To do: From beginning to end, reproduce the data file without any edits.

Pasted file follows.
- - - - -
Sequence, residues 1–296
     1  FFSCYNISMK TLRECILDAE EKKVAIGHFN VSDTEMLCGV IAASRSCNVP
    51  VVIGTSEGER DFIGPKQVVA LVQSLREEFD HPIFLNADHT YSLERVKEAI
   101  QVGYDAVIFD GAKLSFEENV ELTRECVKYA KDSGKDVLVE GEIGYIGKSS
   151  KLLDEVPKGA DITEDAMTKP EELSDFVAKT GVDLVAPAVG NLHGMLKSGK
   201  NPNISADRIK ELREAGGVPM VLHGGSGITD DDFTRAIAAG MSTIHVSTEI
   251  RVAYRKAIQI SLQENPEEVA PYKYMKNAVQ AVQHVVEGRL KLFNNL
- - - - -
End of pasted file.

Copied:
Sequence, residues 1–296
     1  FFSCYNISMK TLRECILDAE EKKVAIGHFN VSDTEMLCGV IAASRSCNVP
    51  VVIGTSEGER DFIGPKQVVA LVQSLREEFD HPIFLNADHT YSLERVKEAI
   101  QVGYDAVIFD GAKLSFEENV ELTRECVKYA KDSGKDVLVE GEIGYIGKSS
   151  KLLDEVPKGA DITEDAMTKP EELSDFVAKT GVDLVAPAVG NLHGMLKSGK
   201  NPNISADRIK ELREAGGVPM VLHGGSGITD DDFTRAIAAG MSTIHVSTEI
   251  RVAYRKAIQI SLQENPEEVA PYKYMKNAVQ AVQHVVEGRL KLFNNL